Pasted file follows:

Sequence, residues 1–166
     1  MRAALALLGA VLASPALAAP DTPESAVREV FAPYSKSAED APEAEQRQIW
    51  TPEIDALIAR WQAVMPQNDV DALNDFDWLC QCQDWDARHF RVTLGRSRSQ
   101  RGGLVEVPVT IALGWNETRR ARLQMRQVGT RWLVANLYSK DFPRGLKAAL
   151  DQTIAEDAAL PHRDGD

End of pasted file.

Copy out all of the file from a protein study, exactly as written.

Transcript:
Sequence, residues 1–166
     1  MRAALALLGA VLASPALAAP DTPESAVREV FAPYSKSAED APEAEQRQIW
    51  TPEIDALIAR WQAVMPQNDV DALNDFDWLC QCQDWDARHF RVTLGRSRSQ
   101  RGGLVEVPVT IALGWNETRR ARLQMRQVGT RWLVANLYSK DFPRGLKAAL
   151  DQTIAEDAAL PHRDGD